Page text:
I started my Monday by reading this excellent piece by my friend and former National Review colleague Jay Nordlinger. The purpose was to celebrate Ronald Reagan’s birthday and to defend the continued relevance of both his politics and his character. There is a tendency on the new right to sneer at any hint of continued Reaganism in American conservatism. “Times have changed,” they say. Reagan is no longer relevant.
They have a limited point, one that’s rooted in basic common sense. Of course times change. Of course our economic and geopolitical challenges evolve. So does our culture. Let’s just take one example—the almost unthinkably high stake of the Cold War. To give younger readers an idea of what these days were like, I pulled up NATO’s analysis of the balance of forces in Europe in 1984.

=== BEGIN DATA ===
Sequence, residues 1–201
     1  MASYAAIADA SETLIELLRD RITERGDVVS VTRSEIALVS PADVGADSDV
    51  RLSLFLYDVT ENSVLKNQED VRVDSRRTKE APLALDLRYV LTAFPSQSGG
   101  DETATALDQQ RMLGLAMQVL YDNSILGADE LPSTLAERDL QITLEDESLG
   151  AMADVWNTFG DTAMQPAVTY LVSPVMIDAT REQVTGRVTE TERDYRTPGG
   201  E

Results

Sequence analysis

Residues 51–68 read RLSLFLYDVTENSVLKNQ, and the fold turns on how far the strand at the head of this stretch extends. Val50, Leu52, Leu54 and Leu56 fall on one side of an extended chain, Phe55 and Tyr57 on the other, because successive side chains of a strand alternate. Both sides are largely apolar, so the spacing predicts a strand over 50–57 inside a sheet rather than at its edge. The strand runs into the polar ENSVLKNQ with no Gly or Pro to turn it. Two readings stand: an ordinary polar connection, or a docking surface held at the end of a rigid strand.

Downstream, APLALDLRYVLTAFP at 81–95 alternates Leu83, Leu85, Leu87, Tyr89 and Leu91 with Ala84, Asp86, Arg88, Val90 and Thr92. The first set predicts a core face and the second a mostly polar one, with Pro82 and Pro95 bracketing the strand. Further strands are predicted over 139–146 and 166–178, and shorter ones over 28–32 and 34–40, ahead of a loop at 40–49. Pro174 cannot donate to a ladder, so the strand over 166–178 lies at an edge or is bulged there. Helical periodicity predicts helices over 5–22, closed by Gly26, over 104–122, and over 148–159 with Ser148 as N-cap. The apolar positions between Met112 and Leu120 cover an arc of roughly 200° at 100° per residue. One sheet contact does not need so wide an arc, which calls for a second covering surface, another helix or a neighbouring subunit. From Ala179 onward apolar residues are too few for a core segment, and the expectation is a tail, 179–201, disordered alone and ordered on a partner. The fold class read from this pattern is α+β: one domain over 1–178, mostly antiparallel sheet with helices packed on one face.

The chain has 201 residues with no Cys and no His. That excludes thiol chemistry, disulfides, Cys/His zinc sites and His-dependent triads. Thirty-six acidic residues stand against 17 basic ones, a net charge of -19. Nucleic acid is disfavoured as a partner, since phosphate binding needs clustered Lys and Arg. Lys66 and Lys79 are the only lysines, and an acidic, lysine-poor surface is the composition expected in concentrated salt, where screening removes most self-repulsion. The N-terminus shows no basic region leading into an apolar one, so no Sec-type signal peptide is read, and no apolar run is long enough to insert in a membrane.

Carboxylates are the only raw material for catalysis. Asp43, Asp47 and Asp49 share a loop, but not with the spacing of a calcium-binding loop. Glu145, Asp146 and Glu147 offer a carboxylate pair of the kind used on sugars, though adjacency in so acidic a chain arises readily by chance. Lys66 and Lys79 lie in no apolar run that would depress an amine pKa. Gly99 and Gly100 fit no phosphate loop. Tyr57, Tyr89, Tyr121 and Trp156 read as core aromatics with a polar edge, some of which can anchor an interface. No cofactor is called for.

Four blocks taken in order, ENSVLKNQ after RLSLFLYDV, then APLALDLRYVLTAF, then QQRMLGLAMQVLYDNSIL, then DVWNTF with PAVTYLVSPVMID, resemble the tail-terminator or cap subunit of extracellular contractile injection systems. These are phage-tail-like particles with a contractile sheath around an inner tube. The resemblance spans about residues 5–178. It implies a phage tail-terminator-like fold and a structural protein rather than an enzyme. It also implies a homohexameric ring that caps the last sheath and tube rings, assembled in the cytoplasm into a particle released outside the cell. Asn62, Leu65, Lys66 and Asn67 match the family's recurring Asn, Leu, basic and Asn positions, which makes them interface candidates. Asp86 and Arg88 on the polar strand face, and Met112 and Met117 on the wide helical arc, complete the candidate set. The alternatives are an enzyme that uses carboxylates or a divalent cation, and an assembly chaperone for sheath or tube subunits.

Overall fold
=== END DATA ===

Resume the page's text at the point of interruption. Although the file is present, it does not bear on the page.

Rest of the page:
As we rightly worry about roughly 150,000 Russian troops massed on Ukraine’s borders, consider that at the height of the Cold War, the Warsaw Pact massed up to 4 million troops in Europe. They were forward-deployed for offensive operations. This massive force included a staggering 61,000 main battle tanks and more than 13,000 aircraft. In total, the Soviets and their allies commanded 246 divisions, a force every bit as vast as the great armies of World War II.
NATO opposed this force with 2.6 million troops arrayed in defensive positions, with 2 million more stationed in the U.S. and other NATO nations outside Europe. This force of 82 divisions and 180 independent brigades included 25,000 main battle tanks and more than 11,000 aircraft. Collectively, the two forces represented the most destructive and powerful military force the world had ever seen, and they stared at each other, on varying levels of alert, for almost 50 years.